Understanding Huntington's disease

Huntington's is a hereditary disease affecting the areas in the brain which control movement, thinking and emotion. The onset of symptoms usually occurs between the ages of 30 and 50 and the disease progresses slowly over time. In Western countries Huntington’s occurs at a rate of seven to ten per 100,000 people.

The genetic mutation which is responsible for Huntington’s was discovered by scientists in 1993. Each child of a parent with Huntington’s carries a 50 per cent risk of inheriting the Huntington’s gene. If they do not inherit the gene, they and their descendants will not be affected.

Symptoms of Huntington’s disease

Symptoms usually develop in progressive stages and can be classified as cognitive, emotional and physical.

What are the cognitive symptoms of Huntington's disease?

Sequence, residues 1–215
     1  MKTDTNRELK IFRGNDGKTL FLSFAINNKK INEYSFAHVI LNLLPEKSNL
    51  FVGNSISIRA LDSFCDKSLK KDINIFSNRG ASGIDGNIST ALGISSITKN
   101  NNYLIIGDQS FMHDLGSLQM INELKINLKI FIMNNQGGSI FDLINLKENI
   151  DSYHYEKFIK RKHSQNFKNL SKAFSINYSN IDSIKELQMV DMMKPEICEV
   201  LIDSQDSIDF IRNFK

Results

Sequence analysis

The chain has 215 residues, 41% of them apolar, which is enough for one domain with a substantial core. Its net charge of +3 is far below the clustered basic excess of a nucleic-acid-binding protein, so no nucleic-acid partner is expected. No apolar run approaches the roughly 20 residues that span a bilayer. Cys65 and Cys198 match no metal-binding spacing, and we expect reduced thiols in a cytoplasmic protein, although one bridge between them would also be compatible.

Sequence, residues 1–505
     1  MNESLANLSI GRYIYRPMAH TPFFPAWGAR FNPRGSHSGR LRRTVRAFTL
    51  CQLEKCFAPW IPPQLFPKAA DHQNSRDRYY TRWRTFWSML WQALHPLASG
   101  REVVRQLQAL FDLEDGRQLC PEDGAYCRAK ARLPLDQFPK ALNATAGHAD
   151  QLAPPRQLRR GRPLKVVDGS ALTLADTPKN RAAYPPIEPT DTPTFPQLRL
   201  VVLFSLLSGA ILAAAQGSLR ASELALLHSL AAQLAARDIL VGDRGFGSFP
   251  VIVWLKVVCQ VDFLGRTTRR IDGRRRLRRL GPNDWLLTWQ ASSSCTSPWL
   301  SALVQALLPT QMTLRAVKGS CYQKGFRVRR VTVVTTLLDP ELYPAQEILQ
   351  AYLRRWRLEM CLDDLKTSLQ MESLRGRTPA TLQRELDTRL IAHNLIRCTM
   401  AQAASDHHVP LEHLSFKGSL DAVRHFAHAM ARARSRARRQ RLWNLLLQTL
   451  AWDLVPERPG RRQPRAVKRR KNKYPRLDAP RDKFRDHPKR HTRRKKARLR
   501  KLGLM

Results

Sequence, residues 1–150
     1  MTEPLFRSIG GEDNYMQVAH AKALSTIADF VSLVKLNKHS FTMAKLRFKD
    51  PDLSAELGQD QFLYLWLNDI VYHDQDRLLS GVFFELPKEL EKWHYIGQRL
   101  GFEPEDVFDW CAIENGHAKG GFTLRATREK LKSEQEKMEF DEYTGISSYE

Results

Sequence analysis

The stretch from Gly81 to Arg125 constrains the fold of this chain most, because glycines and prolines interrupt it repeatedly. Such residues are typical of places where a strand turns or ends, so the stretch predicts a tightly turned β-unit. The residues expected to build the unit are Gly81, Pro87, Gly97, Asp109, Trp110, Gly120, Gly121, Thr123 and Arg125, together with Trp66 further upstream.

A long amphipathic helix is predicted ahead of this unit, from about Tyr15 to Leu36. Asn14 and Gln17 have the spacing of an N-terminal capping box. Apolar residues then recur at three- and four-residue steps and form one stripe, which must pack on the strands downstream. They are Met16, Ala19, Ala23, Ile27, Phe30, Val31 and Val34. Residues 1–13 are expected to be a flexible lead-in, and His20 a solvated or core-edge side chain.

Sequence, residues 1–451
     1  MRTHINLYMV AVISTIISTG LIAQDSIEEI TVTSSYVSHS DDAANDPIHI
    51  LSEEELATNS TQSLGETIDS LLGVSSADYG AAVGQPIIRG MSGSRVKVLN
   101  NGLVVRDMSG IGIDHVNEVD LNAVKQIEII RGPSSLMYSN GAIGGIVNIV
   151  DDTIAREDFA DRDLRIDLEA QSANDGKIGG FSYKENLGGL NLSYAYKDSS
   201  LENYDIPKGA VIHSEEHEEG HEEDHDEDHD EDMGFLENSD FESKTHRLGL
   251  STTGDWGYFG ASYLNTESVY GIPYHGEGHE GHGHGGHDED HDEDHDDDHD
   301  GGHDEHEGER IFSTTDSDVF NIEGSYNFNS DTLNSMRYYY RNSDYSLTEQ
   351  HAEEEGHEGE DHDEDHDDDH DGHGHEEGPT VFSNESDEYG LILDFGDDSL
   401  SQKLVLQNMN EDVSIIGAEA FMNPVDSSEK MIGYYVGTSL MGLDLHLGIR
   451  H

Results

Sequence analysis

• Short-term memory loss
  • Difficulty in concentrating and planning

What are the emotional symptoms of Huntington's disease?

  • Depression
  • Challenging behaviour
  • Mood swings, apathy and aggression

What are the physical symptoms of Huntington's disease?

  • Mild twitching of the fingers and toes
  • Poor coordination and clumsiness
  • Difficulty in walking
  • Jerky involuntary movements of the arms or legs (chorea)
  • Problems with speaking and swallowing

MSWA supports people living with Huntington’s

Visit our Support and Services section to see how we can assist you.

Visit Support and Services

For more information about Huntington’s disease visit the Huntington’s WA website.

Visit Huntington's WA